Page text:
As Dr. Berchelmann admits in her article, neither she nor her husband are trained educators, but homeschooling is “easy” because they simply got the preformed curriculum from the state and use that with their kids, and their kids can still participate in the local public school’s extracurricular activities. They, and thousands of other families, are still relying on state-provided curriculum and programs. But yet their children aren’t exposed to trained educators who also know how to teach them things that you don’t get out of a textbook, like critical thinking, a love of learning, collaboration and teamwork, and the multitude of other skills and aptitudes that trained, quality educators can provide. Yes, some homeschooled students are children of highly educated professionals, and many of those traits may naturally be passed down. However, many homeschooled children are not in school because of belief systems or because of inability to access needed services – and they could really benefit from the help of a trained expert educator.
Meanwhile, as the statistics note, a full 73% of homeschooling parents cite “dissatisfaction with the American school system” as the reason they withdrew their children. There is a clear problem here. The parents who are using state-provided materials are still relying on the very system they disdain. How many of those parents continue to work or advocate for a better system? The quality of curriculum and programs including arts, music and extracurricular activities that homeschoolers use are the very things being whittled away for the children in the public schools because of more and more public antipathy towards a universal and quality education for all American children. Let’s not fool ourselves: the politicians and “reformers” who are currently inflicting the high-stakes competitive model on public education would have no platform at all if Americans coalesced to insist on the kind of education system we believe our children deserve (and didn’t just leave it to the exhausted teachers to speak out). In the end, this is a democracy, and we get the politicians and the “reformers” that we allow.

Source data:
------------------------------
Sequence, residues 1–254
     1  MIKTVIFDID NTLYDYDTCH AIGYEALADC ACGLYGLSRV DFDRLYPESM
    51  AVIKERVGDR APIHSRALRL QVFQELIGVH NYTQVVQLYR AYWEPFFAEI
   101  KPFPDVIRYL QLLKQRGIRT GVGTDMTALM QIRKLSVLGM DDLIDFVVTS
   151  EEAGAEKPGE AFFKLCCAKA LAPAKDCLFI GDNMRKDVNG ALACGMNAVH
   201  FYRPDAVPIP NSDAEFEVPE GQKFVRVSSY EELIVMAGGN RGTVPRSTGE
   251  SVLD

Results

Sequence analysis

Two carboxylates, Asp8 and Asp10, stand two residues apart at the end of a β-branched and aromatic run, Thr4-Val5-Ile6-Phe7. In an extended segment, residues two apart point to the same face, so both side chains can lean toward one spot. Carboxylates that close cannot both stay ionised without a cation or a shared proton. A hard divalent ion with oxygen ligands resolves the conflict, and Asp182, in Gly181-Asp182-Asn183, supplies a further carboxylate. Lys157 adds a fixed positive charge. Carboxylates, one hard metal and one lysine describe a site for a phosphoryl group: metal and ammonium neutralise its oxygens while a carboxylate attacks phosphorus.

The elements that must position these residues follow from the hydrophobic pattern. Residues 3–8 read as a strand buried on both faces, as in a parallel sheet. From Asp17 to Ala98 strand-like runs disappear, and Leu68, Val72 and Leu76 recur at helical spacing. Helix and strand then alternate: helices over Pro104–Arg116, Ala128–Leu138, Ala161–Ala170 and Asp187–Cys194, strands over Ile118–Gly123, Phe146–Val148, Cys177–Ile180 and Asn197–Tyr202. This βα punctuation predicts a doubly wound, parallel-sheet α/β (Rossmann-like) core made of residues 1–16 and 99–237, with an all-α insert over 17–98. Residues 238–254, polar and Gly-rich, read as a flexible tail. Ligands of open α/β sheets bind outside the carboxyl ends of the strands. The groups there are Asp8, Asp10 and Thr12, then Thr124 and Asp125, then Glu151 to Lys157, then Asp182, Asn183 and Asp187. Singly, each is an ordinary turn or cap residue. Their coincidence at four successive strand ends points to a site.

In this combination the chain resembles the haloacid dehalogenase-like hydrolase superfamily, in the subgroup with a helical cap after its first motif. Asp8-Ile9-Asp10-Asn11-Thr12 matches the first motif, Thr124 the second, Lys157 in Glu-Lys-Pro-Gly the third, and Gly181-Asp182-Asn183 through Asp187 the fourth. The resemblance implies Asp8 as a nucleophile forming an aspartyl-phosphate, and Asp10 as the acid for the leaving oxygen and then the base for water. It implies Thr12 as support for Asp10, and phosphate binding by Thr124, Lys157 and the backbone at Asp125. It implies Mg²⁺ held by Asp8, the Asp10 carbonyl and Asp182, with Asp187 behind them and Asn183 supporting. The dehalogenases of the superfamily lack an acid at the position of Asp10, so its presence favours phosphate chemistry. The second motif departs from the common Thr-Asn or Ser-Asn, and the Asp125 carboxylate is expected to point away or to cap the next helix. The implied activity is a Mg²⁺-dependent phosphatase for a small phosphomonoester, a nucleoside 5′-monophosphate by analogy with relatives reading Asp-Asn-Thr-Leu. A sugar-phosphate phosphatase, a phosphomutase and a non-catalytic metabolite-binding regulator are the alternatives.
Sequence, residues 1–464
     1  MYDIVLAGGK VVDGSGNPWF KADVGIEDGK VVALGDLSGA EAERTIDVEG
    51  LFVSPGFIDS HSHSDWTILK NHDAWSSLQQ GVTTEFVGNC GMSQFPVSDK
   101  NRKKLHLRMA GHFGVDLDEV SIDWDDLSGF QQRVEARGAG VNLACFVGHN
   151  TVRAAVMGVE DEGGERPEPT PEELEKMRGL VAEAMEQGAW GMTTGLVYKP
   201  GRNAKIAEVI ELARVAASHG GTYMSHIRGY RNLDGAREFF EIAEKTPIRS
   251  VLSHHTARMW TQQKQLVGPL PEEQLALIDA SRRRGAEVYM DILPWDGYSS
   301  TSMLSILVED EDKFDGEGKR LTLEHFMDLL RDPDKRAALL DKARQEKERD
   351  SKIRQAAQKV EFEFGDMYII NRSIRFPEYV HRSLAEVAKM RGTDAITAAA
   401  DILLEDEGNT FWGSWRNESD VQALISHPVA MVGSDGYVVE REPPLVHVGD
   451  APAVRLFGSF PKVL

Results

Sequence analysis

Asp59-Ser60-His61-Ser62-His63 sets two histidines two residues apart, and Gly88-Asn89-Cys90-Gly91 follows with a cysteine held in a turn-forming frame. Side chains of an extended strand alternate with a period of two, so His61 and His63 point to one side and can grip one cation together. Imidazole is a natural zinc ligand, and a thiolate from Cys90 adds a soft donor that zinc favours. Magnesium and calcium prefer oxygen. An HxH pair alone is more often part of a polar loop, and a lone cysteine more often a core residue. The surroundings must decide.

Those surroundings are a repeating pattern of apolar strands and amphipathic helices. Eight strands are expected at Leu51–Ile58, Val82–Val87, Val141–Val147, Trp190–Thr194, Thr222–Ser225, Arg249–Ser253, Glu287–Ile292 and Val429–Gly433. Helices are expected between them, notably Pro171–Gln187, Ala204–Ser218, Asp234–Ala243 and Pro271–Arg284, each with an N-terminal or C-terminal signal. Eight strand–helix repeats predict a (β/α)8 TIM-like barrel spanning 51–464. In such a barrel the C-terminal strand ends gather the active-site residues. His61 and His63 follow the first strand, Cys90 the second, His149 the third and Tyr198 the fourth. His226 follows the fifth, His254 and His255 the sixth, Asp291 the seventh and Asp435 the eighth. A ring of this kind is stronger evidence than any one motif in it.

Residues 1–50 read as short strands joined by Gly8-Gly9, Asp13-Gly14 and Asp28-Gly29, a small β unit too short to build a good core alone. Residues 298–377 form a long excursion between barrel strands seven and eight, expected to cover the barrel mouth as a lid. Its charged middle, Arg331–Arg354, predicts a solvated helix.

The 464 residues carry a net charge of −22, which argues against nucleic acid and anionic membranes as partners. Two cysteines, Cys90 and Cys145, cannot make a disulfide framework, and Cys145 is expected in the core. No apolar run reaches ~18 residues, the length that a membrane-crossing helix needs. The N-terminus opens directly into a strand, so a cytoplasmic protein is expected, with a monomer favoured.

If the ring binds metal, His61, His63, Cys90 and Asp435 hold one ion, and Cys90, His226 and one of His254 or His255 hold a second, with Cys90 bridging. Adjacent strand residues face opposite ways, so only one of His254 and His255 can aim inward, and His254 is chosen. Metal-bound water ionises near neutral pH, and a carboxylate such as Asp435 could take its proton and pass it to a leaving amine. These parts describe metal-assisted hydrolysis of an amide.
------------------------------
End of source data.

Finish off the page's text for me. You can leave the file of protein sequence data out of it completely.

Yes, we are a land of choice and doing things our own way. But I think the bigger question is: are we also a land that believes all who live here should have an equal footing from which to start? When we established mandatory universal education, the idea was to train up citizens and skilled workers in a newly industrial era. We were able as a citizenry to push the government to make the astronomical change of not only getting children out of the factories, but also requiring them to get an education and providing that education for them. Why can we not now do the same thing to shift the system into a model that provides the necessary resources and education for all children in this country?
Back before that change in the Progressive Era, the only kids who received a quality education were those of wealthy families. There was no middle class – just the rich and the poor. We are returning to that widening gap in our society again, and it’s reflected in how the problems in our education system are being handled. Why do we as a country settle for a system that encourages those with the means to withdraw their children, allows the resources of the system to flow to private and for-profit entities through vouchers, and pressures those who remain in the system with a competitive model that in no way reflects true education? It’s fine if more and more “doctors and lawyers” want to home school their children – all parents with the means to do so should have that freedom. But perhaps we can all still remember that 97% of American students in this country are still in traditional schools, and they still deserve more – from all of us.
To buy Cari’s book that details her sudden unemployment, “How to Finish the Test When Your Pencil Breaks” please click here.